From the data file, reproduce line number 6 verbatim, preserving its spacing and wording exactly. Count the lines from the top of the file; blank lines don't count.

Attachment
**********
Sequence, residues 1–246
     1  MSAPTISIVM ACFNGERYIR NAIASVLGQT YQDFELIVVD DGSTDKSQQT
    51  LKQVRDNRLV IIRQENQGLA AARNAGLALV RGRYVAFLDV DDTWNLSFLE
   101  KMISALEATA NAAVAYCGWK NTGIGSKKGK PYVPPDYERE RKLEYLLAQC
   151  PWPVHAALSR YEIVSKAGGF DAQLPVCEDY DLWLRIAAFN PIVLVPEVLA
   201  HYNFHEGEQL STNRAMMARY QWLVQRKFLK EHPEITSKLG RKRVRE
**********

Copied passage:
   201  HYNFHEGEQL STNRAMMARY QWLVQRKFLK EHPEITSKLG RKRVRE